OML - Research

Here you get an insight into the current research topics of the OML project

Fevziye Irem Yaman
I developed a system to check the COVID-19 regulations. For the face
mask and face-hand interaction tasks, we published two datasets.
Currently, I am working on pointing gesture recognition to detect
which object is pointed by a user. This enhances the human-robot
interaction by predicting the hand & body poses of the user and
utilizing the dialog input.
Link to the paper



Dogucan Yaman

I am currently working on object-based image manipulation to add new
objects, remove or modify existing ones by controlling the styles,
namely, color, material, shape, with text input. The goal is to
generate new artificial images with slight modifications in order to
provide training data as well as represent the states of action.



Leonard Bärmann

For humans, narrating past events and experiences to other people is a key part of social interaction. Thus, to become accepted by potential users, a humanoid robot must be able to verbalize its observations and actions in a similarly natural way. For instance, consider a person coming home and asking her/his autonomous kitchen robot “What did you do when I was at work?”. By responding with “I cleaned up the table and made the dishes. You’re welcome!”, the robot makes its actions transparent and thereby increases the user’s trust in it. Furthermore, robot experience verbalization is crucial in case of failures. If the robot fails to execute some action (or worse, causes damage, e. g. by dropping a plate), it must be able to tell the human that something went wrong, and ideally also provide details about how and why it happened. 

To realize such functionality, a robot must be equipped with a component resembling the human episodic memory, storing and processing information about past events and their spatio-temporal relations. Particularly, the robotic system needs to process, filter and store data from a highly multi-modal, continuous stream of experiences, including camera images, kinematic data, symbolic ex- ecution information, and more. Verbalization then is the process of understanding a natural language query provided by a user, retrieving the relevant information from the robot’s episodic memory, and synthesizing a natural language answer to fulfill the users request.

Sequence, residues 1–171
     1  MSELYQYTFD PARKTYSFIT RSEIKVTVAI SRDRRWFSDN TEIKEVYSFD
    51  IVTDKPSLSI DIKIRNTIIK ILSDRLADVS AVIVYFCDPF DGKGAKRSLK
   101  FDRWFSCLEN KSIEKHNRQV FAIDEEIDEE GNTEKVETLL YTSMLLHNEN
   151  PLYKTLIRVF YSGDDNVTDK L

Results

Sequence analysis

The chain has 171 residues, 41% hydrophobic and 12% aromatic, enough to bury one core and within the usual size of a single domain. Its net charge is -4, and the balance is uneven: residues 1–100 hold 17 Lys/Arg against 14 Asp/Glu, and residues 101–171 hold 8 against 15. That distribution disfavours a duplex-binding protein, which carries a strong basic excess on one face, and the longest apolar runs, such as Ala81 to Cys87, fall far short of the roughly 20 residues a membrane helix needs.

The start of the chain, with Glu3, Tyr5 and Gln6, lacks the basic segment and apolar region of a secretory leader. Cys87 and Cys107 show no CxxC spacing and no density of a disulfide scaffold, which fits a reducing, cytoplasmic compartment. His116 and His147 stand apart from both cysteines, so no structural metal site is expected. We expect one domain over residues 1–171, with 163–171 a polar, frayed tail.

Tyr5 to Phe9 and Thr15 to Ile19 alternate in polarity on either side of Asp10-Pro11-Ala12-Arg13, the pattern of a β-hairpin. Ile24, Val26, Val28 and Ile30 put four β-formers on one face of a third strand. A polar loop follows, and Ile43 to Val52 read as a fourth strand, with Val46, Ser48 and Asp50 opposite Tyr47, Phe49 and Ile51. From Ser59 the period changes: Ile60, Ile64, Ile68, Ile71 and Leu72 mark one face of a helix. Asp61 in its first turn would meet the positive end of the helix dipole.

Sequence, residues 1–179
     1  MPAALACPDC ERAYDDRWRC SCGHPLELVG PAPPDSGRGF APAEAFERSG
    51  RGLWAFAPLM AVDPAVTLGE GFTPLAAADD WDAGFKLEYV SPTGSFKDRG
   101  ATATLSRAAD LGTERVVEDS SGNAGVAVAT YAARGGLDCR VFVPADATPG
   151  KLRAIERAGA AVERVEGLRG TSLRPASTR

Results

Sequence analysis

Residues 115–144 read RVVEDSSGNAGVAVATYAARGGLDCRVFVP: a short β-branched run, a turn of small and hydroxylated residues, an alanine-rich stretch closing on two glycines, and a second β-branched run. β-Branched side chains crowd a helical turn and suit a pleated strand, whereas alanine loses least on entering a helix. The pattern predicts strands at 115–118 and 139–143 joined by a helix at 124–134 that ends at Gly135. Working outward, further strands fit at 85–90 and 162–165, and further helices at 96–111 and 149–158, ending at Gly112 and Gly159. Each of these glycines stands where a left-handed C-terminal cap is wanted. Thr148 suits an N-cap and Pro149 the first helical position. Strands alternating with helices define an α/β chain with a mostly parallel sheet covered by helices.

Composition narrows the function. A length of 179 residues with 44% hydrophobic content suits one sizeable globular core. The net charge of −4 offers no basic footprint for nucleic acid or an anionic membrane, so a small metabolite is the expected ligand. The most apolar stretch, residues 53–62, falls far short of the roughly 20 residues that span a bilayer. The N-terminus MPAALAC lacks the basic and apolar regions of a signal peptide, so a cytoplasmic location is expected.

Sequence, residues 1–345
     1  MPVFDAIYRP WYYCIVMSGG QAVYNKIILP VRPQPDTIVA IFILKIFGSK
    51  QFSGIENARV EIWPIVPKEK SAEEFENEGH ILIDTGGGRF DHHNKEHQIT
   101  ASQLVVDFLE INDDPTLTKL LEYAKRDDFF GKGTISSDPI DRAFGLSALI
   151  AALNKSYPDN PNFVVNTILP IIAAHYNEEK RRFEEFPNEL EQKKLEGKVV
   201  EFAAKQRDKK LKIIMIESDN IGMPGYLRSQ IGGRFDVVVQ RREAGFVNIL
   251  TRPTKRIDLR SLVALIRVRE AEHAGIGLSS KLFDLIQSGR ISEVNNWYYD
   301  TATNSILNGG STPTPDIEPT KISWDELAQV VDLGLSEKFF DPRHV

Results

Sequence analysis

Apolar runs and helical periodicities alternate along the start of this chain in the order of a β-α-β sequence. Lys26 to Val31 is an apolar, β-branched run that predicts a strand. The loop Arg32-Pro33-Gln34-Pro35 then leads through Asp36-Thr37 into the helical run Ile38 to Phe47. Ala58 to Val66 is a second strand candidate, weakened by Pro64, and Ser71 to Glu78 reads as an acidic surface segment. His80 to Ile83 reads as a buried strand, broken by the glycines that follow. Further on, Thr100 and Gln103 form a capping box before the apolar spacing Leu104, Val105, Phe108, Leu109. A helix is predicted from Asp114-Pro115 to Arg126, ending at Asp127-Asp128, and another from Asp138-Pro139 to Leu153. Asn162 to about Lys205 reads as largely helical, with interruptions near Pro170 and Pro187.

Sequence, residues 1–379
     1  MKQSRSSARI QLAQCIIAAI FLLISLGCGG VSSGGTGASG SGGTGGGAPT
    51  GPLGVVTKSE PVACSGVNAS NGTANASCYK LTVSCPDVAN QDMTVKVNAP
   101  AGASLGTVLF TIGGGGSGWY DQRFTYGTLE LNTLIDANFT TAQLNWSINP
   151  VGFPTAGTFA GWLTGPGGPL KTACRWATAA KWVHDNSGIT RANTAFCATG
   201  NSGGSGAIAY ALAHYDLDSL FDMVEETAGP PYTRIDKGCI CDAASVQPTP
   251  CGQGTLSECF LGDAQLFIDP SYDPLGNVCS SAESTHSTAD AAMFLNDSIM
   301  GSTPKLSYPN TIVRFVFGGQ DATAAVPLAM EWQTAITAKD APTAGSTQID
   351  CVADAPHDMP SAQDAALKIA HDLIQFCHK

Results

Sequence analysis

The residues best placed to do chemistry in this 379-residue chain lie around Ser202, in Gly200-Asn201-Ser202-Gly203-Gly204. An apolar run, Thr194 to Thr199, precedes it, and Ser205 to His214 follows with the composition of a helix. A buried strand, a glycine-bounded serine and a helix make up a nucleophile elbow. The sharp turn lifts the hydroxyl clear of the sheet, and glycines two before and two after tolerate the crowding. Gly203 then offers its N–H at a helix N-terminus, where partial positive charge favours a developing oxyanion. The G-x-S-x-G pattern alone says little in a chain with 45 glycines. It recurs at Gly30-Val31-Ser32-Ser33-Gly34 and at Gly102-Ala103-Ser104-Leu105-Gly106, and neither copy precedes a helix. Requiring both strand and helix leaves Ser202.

While previous work on episodic memory verbalization (EMV) used rule-based procedures for recording episodic memories as well as generating natural language representations thereof, we propose to use data-driven methods, tackling the EMV task as an end-to-end learning problem. Research challenges include creating, storing, compressing and reading episodic memory, natural language understanding and generation as well as multimodal, memory-based reasoning.

Further information is provided in the published paper and a video on the subject.


Stefan Constantin, KIT 

I’m researching ways to detect user error corrections and to use these error corrections to correct the errors. The user can correct via speech (see video) or multi-modal with speech and pointing gestures. An example for such a correction is the user utterance “we are meeting at the kid” and the user correction “it’s k i t”. The corrected utterance is “we are meeting at the k i t”. In addition, the defective elements (reparandum) and the correct elements (repair) can be extracted, in our example, the reparandum is “kid” and the repair “k i t”. The extracted pairs of reparandum and repair can be used in a life-long learning component.

An demonstration can be found here.


Oier Mees, Uni Freiburg
The goal of our work is to control a robot to perform tabletop manipulation tasks via natural language instructions. Our approach is able to segment objects in the scene, locate the objects referred to in language expressions, solve ambiguities through dialog and place objects in accordance with the spatial relations expressed by the user.